"We decided we had to go this direction in the late 1990s when the Internet was becoming a big factor," he says. "And we needed to hire somebody who knew how to run Web sites, how to put your inventory on the Web site and how to post videos."
Growing Web presence
He hired Linda Tew as an Internet manager in 1999. At the time, the operation had only an AOL account and three nonfunctional Web sites. Today, Tew and her team of more than a dozen employees handle all of Rizza Cars' online activity.
"At least 20 percent of my time is devoted just to reputation management," Tew says. "Your reviews on DealerRater, Google and Yelp are more important than the manufacturers' CSI scores.
"Your customers don't really see your CSI scores. J.D. Power can talk about CSI all they want, but what consumers care about now is what they read online and how many five-star ratings you have."
Rizza's Orland Park Ford store was recently part of Ford Motor Co.'s pilot to use third-party reputation management vendor Digital Air Strike. Rizza Cars has now expanded Digital Air Strike to all of its franchises.
Mindful of the importance of positive reviews on consumer social sites, Rizza Cars has begun inviting customers -- while still in the store -- to post reviews using dealership iPads.
The salespeople don't push the requests if customers don't want to post reviews in the store, Tew says. But it is easier to get positive reviews when customers are completing their purchases than it is to follow up days or weeks later after the memory of the experience has faded, she says.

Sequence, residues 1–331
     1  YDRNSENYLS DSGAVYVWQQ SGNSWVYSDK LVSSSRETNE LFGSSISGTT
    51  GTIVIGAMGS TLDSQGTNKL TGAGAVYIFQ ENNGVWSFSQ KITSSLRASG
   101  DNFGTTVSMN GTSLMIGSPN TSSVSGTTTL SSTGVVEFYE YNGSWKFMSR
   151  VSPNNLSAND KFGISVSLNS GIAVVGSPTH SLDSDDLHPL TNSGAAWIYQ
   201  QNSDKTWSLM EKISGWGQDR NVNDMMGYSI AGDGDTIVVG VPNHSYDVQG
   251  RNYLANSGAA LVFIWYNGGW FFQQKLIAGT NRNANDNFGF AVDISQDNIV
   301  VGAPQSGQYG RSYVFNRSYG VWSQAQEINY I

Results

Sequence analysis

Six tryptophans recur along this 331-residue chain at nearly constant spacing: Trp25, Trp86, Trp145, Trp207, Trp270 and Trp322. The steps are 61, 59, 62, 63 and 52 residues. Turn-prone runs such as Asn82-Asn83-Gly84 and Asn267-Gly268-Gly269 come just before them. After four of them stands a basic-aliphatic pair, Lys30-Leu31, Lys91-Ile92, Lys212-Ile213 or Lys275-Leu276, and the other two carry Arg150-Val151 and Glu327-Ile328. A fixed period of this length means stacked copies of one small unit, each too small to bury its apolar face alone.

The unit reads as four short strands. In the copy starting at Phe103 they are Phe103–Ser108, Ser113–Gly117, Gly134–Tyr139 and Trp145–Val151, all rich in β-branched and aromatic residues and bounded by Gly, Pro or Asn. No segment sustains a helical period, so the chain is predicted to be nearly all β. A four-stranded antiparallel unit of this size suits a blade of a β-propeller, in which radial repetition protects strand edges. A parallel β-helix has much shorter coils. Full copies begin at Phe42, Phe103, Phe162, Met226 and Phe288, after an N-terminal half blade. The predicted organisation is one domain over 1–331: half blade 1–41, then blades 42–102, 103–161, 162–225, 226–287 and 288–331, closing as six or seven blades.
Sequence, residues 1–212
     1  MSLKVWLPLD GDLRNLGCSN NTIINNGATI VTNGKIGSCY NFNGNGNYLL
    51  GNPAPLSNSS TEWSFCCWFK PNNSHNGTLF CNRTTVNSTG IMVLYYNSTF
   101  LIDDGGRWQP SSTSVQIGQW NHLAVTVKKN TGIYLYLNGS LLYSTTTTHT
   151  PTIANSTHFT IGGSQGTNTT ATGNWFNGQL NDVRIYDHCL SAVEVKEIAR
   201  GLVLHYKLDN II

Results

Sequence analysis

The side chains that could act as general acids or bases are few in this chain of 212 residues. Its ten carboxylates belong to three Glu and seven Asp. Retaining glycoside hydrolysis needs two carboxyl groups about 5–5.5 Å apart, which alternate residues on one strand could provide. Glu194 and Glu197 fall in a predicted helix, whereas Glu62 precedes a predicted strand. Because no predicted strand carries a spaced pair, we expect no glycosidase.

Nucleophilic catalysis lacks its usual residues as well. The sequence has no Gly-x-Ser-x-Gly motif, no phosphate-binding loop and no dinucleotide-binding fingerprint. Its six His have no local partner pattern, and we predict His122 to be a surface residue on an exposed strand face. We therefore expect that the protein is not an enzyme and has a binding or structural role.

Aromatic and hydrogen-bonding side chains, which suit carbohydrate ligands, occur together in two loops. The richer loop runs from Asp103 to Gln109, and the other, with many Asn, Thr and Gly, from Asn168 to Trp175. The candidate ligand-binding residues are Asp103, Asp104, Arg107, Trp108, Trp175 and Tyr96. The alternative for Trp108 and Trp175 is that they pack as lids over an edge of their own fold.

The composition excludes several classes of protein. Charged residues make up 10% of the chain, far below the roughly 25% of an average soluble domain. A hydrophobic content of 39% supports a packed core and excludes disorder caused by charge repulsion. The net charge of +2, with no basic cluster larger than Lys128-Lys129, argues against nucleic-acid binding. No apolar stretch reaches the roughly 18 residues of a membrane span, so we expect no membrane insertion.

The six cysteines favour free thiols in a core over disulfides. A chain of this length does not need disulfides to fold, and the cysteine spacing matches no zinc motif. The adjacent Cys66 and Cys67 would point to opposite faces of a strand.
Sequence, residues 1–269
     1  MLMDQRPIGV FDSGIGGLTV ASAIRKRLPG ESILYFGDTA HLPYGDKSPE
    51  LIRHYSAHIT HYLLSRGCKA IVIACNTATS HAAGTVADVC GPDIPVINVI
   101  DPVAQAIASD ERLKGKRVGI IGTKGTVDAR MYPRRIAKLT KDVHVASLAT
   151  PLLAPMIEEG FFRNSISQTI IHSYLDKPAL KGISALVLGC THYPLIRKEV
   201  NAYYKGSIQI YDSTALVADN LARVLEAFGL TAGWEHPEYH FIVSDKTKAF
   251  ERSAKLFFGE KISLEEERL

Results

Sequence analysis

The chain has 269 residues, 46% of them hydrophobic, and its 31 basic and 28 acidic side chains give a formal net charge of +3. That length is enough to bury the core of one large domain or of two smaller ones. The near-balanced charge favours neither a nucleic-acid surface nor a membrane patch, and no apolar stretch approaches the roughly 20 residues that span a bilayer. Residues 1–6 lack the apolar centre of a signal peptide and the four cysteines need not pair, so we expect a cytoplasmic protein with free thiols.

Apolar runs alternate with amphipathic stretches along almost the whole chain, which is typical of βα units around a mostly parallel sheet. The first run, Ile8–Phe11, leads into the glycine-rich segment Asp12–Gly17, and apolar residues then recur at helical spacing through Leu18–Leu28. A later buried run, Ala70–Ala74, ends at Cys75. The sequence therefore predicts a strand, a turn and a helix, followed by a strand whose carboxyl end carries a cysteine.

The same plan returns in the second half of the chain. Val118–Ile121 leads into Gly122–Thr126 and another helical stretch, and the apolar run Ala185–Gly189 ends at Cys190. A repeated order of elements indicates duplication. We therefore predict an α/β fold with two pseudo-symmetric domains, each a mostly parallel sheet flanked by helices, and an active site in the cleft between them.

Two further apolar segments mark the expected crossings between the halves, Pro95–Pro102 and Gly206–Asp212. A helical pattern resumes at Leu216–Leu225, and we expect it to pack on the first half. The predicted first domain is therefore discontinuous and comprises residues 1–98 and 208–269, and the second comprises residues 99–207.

The Orland Park Ford store gets a couple of positive reviews a day this way.
"We've learned that a lot of customers are perfectly happy to write a review. But sometimes it can be a challenge, and once they're home, they just skip it," Tew says. "Some sites are more difficult than others. On Google+, for example, you have to have a G+ Page and a Gmail account. We appreciate any effort they can make."
Rizza Cars is clearly in transition, and the group's marketing priorities have flipped.
Ten years ago, 65 percent of its marketing dollars were spent on traditional media such as newspapers and TV.
Today, 70 percent of the budget goes into digital activities, including search engine marketing and optimization, social media activity, Rizza Cars' internal Web site activity, YouTube videos, listings with AutoTrader.com, Cars.com, Kelley Blue Book and third-party reputation management, McMillan estimates.
The company churns out videos to elevate the Rizza name with search engine optimization tools. The dealership produces linkable pages with content focused on individual dealerships, including features on what defines a "master certified technician," and introducing the store technicians.
A recent conversation with McMillan found him fresh out of a video session to create spots to be uploaded to YouTube for the Porsche Cayman. Back at his desk, he pulled out a new iPhone he had just purchased for the boss, Rizza Cars owner Joe Rizza, and prepared to install the store's personalized dealer app onto it.
"The technology train has left the station, and retailing is never going to go back to the way it used to be," McMillan says. "We're pulling Joe and Tony along with that train.
"We all knew we had to change. You can't ignore Facebook and Twitter today," he says. "That's where your customers are. And that's one thing that hasn't changed in this business -- you've got to be wherever people are."
You can reach Lindsay Chappell at email@example.com.